Why Members of Sexual Species May Choose to Stay Chaste
Sometimes I hear people making derisive comments towards people who prefer not to have sex, something along the lines of how it goes “against nature” to never have sex, therefore something is horribly wrong with them, etc., etc.
The specific plague I wish upon those unpleasant people is an infestation of termites. Why termites? I’ll talk about that in a bit.
At one point highly social behavior presented kind of a paradox to the traditional, selfish-gene style evolutionary theory. Charles Darwin famously admitted that it was the social behavior of the bee that was going to bring down his entire construction, because most bees- nay, the vast majority of all individual bees spend all their times leading pious, sexless lives centered around helping one other bee reproduce. At the peak of the season, honeybee colonies can have 60,000 nonbreeding individuals- and just one sexually active queen.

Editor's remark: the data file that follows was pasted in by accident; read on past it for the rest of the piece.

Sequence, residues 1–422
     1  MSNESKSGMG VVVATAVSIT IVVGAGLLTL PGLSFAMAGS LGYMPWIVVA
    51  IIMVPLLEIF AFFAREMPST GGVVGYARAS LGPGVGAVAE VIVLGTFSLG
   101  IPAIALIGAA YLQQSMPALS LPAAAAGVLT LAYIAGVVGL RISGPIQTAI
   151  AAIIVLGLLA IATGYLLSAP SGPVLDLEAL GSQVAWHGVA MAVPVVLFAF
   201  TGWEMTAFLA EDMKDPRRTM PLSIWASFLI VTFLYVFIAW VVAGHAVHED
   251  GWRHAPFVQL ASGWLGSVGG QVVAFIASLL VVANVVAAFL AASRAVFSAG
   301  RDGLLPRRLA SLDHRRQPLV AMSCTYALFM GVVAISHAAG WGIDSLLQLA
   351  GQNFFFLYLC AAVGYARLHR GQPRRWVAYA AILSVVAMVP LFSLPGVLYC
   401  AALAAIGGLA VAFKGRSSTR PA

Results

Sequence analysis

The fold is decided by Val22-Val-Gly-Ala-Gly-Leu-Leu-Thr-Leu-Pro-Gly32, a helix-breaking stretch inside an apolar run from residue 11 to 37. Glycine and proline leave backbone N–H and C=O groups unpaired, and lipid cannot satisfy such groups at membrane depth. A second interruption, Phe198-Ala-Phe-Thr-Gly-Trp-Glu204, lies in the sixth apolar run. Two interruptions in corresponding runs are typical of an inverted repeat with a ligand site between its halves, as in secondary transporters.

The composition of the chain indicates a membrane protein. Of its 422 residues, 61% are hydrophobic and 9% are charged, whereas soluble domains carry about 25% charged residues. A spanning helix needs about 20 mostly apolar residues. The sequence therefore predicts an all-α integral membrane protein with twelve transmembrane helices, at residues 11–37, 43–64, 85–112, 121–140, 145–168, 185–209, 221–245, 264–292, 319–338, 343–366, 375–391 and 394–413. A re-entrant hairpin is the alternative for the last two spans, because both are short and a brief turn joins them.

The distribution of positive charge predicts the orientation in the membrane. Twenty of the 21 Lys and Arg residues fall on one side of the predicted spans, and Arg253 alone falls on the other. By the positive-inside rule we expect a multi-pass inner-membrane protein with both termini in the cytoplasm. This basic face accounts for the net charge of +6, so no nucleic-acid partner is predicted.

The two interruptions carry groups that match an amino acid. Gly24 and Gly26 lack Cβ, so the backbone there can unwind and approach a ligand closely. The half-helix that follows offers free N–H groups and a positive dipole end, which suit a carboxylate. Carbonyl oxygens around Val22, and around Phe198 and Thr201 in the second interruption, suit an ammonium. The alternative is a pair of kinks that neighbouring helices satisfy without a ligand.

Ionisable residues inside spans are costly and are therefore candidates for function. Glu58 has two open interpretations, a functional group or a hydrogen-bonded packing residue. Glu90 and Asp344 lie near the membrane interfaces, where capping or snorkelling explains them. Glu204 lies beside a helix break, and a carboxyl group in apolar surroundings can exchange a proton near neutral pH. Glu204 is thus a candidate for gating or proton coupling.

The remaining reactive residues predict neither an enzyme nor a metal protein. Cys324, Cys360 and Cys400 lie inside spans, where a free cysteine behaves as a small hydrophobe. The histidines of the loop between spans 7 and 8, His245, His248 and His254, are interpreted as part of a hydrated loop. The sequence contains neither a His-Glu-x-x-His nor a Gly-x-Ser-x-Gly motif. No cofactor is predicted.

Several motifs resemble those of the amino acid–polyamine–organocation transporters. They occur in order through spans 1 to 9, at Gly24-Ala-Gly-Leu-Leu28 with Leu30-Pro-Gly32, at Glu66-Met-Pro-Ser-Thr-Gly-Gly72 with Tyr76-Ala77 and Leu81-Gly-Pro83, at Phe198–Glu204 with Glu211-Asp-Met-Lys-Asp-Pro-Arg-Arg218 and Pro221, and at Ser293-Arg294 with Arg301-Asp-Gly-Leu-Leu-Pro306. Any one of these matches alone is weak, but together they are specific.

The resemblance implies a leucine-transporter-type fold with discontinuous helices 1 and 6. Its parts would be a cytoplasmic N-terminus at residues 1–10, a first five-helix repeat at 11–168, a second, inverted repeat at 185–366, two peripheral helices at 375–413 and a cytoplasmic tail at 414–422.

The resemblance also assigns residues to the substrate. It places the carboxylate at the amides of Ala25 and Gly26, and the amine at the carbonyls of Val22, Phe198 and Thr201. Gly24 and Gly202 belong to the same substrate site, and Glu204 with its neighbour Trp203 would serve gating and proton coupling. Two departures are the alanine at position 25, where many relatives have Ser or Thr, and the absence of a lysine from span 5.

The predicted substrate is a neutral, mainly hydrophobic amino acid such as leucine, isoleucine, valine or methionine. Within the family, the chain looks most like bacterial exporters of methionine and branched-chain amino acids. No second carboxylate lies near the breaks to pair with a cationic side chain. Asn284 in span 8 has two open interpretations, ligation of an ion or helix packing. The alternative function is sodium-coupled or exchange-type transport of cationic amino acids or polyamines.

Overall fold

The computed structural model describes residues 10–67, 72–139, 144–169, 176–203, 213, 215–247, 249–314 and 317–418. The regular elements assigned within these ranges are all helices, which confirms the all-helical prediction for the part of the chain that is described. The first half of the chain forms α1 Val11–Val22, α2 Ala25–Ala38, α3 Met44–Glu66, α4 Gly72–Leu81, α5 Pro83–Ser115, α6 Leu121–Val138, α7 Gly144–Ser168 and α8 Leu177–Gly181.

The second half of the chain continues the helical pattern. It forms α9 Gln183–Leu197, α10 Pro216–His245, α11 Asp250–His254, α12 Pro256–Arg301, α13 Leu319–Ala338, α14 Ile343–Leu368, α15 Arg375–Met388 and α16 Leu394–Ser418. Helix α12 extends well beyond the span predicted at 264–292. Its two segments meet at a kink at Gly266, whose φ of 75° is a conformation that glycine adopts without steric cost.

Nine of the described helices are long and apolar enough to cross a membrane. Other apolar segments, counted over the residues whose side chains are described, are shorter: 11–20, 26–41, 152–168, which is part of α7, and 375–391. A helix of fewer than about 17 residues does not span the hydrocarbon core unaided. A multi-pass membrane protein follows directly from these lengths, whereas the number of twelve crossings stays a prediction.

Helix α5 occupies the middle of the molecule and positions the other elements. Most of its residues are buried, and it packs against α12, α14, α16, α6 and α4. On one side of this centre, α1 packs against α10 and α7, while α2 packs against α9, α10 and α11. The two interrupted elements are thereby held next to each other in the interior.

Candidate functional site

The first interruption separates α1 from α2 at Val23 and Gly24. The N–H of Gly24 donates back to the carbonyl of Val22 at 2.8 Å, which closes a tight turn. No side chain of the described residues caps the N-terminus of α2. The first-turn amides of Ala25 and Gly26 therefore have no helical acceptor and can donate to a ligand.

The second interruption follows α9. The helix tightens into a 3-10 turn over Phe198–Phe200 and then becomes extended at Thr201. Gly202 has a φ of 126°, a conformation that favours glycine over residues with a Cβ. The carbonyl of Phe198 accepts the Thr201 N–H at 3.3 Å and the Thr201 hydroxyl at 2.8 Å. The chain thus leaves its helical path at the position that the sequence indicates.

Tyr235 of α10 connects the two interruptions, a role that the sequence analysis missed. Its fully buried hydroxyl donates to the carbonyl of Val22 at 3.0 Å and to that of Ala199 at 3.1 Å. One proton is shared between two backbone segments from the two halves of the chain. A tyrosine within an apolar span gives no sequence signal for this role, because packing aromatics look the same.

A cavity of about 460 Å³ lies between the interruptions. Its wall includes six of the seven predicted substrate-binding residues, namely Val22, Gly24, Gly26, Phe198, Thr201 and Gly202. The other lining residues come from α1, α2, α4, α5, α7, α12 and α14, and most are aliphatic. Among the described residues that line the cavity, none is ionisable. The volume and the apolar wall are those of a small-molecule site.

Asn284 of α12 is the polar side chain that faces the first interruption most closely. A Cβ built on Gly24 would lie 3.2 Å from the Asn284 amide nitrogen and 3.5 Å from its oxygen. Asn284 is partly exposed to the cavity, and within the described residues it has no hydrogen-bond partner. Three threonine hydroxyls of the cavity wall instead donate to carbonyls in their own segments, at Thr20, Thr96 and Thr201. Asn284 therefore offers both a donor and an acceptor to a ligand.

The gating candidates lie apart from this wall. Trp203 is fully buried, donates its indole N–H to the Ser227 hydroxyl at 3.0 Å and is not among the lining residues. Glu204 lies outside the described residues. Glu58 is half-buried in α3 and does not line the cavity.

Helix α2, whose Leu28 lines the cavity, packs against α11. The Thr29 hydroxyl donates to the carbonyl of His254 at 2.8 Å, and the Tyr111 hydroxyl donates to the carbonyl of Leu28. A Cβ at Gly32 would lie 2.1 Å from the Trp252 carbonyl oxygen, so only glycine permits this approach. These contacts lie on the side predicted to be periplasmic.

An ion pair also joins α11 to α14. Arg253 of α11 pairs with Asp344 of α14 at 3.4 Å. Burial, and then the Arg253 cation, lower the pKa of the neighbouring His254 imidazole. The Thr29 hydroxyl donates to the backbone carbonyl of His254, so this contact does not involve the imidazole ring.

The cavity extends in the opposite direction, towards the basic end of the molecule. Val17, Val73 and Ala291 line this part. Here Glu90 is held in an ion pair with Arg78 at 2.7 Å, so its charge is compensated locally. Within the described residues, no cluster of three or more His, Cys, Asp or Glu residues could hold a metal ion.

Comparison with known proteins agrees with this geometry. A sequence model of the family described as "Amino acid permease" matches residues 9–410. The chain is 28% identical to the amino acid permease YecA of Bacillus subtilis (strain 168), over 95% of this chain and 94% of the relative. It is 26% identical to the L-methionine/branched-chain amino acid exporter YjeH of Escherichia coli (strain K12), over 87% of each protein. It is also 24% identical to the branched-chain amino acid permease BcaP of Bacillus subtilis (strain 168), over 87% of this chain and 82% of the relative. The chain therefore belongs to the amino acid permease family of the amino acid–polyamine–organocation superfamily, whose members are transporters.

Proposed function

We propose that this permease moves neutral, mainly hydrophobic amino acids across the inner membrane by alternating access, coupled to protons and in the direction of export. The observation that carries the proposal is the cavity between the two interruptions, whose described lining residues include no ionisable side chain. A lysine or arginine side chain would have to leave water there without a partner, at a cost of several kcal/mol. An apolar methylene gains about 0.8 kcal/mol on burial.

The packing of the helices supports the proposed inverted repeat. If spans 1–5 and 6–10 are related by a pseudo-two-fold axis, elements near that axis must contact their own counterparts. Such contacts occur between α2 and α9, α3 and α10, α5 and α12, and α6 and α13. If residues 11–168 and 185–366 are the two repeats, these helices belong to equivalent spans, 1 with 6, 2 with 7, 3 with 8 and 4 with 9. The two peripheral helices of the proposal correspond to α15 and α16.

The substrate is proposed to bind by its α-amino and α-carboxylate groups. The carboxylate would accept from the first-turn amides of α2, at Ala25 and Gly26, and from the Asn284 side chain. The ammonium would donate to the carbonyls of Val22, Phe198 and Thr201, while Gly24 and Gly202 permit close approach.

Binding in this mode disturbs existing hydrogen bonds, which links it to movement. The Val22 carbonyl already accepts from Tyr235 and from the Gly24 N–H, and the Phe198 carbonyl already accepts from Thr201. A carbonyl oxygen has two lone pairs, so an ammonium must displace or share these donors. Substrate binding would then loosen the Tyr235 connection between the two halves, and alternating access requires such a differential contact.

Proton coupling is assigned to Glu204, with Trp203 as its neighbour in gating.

Darwin, of course, did not yet know about genes, but he had an inkling that heredity was a clue- that by helping their relatives, the bees were actually helping themselves. Later scientists have filled in more of the gaps using modern molecular science, and yes, from a genetic standpoint, helping a relative is something like helping a piece of yourself.
But at what point does the value of helping close relatives outweigh the value of actually reproducing? That is a question biologists have been grappling with for quite a while. Because in the game of evolution, what matters isn’t how big your species’ population is- what matters is how many of those individuals share your genes.